Mr. Hall disclosed that JP initiated the move to have longstanding customer Seaboard acquire shares in KWL. “When Seaboard purchased an interest in KWL it cemented the strategic partnership with a key customer and this gave added confidence to the bold investment programme,” the Chairman said.
“The Jamaica Producers Group brought to the table, global business expertise and a clear commitment to the maritime industry, as well as a fresh perspective and a vision for moving forward,” Mr. Hall observed. He noted that JP’s move to bring greater alignment with the organisation’s business model was a seminal step that strengthened KWL’s governance structure, empowered management and helped promote profitability.
Modernisation and Expansions Plan
Robert Kinlocke, the last Managing Director under the Grace Kennedy era, started a modernisation move. Among other steps, he bought equipment to assist in receival and delivery. The investment paid off as the company was able to recoup the investment in three years. This was the catalyst for the company to invest greatly in equipment and get involve in the lucrative stevedoring operation starting with a few car vessels.
Grantley Stephenson who served as CEO from 2003 to 2019 (eight of those years as Executive Chairman), presided over a significant period of modernisation of KWL that was instrumental in the turnaround of the port terminal and its modern standing.
Kingston Wharves purchased its first crane in the post Grace Kennedy era in 2004, a Gottwald Mobile Harbour Crane, which strengthened its stevedoring operations. Before that, cargo was loaded and offloaded cargo using the ships’ cranes and rented equipment. That first crane was only the beginning, as Kingston Wharves would go on to acquire five additional mobile harbour cranes, including two state-of-the-art Liebherr Cranes purchased within the last five years. KWL is now a well-equipped company that is driven by digital technology.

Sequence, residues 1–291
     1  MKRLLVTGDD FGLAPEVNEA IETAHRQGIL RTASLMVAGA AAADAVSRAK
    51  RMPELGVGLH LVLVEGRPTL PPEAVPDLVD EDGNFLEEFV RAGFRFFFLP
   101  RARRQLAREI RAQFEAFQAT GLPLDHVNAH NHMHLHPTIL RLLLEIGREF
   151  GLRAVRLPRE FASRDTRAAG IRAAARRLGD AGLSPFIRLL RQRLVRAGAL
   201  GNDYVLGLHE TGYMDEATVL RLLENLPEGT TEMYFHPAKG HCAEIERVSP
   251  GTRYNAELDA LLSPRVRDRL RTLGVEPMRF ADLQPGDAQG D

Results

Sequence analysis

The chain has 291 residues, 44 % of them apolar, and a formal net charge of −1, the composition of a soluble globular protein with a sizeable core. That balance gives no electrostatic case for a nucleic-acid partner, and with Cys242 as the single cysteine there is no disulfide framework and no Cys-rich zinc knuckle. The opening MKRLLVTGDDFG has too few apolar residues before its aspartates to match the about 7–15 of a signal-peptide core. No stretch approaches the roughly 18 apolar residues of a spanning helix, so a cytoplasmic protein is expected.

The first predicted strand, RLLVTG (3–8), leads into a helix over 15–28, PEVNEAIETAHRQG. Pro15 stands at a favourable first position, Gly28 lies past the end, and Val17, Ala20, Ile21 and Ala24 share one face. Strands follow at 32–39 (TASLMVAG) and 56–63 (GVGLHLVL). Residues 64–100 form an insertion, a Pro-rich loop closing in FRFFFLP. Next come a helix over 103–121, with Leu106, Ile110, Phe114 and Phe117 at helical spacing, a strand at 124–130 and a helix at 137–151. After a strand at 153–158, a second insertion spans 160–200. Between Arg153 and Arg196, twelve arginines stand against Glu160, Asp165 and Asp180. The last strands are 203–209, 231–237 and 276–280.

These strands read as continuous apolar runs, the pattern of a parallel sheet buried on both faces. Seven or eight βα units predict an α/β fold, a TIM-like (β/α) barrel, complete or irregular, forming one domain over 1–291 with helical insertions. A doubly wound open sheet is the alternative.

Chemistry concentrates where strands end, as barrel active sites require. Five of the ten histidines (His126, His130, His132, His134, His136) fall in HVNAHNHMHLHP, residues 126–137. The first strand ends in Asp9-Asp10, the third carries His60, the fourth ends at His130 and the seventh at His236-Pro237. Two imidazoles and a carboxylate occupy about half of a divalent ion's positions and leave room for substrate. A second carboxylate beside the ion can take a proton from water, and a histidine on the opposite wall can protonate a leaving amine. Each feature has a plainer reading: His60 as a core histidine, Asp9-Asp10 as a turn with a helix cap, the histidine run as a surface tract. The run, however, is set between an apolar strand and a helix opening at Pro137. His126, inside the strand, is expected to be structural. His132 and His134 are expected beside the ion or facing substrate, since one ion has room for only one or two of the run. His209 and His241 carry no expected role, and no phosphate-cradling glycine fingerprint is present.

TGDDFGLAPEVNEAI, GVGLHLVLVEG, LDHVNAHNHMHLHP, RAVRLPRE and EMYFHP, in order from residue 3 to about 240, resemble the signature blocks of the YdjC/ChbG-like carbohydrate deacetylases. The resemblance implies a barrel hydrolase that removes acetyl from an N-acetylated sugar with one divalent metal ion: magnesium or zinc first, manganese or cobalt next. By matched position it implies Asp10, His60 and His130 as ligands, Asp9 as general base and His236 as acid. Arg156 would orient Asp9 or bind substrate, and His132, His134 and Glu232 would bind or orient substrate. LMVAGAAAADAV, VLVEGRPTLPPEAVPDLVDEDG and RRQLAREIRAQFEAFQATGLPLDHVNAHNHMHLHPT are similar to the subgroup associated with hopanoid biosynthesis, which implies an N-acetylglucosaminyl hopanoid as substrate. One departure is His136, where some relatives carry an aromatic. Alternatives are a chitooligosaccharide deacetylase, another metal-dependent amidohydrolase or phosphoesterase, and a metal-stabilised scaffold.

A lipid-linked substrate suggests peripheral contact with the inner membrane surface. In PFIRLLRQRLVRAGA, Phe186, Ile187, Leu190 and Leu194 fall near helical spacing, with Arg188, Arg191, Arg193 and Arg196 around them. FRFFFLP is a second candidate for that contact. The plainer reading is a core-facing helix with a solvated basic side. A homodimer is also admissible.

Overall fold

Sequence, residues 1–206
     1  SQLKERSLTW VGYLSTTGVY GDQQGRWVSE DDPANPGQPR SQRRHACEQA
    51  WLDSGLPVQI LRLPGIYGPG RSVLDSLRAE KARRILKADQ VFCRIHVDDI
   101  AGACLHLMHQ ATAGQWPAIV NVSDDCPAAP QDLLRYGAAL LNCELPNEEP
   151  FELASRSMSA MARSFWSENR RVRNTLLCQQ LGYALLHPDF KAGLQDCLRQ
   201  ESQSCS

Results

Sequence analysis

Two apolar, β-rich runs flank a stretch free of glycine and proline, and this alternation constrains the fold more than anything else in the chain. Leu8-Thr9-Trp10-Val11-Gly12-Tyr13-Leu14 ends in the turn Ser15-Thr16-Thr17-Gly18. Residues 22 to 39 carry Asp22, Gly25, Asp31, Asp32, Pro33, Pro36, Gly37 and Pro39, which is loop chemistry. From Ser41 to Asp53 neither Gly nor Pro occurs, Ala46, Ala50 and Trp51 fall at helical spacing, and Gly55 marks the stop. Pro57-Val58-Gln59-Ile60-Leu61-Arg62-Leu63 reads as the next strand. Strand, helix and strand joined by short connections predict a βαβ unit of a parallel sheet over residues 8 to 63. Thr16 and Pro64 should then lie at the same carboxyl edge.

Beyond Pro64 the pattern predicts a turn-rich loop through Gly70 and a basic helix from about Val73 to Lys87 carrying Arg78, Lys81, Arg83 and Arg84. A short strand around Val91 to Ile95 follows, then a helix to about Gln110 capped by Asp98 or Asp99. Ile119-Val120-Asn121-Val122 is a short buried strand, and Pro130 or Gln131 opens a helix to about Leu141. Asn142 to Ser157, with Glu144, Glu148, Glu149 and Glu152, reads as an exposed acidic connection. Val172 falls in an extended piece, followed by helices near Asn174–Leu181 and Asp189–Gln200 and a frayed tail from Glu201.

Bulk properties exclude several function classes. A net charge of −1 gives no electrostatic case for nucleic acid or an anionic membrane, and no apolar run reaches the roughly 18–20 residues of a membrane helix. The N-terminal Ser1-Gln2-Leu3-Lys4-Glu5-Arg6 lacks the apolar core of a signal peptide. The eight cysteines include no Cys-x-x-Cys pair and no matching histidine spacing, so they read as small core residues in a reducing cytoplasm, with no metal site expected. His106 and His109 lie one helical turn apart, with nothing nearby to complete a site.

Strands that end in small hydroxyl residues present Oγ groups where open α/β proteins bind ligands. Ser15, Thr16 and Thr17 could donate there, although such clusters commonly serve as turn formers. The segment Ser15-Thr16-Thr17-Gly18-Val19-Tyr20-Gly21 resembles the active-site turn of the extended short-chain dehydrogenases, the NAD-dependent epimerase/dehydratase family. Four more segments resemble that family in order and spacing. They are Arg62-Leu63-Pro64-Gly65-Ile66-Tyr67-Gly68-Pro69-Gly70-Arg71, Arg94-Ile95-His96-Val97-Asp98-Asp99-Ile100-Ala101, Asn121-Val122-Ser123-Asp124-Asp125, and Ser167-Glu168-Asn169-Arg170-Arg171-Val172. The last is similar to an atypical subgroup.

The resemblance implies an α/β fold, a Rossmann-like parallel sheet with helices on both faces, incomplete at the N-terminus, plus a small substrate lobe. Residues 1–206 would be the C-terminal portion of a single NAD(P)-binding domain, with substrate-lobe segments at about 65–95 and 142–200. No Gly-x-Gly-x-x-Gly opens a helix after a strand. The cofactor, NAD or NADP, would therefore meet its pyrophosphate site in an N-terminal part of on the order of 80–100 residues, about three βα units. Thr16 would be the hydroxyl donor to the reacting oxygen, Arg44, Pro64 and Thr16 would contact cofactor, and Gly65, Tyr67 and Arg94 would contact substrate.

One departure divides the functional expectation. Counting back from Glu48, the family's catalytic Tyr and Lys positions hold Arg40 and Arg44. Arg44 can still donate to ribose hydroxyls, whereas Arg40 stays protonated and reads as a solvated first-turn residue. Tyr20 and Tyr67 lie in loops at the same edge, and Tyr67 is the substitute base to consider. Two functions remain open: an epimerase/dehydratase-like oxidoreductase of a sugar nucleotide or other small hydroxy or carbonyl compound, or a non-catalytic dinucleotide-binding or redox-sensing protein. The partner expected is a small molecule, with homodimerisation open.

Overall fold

In 2007, three years after the acquisition of the first crane, Kingston Wharves undertook another major infrastructural development project. This time it was the redevelopment of Berths 8 and 9 at a cost of US$26 million, financed through a loan from First Caribbean Bank. Completed in 2009, the project entailed the demolition of the existing berth facilities that were compromised. “We therefore could not service vessels from there. In their place, we constructed new berthing facilities, using modern techniques. We were also able to repay the bank in less than the time allocated,” the former CEO stated.
“If we had not undertaken these two developments (the acquisition of equipment and the redevelopment of Berths 8 and 9) we would not have been able to efficiently serve vessels like Seafreight, Seaboard and others. In fact, as a result, Seaboard too was able to establish its transhipment hub at KWL. Also, during a hurricane, an 8500 TEU Maersk vessel was diverted from the Bahamas to KWL. This could not have been possible without these investments,” Mr. Stephenson stated.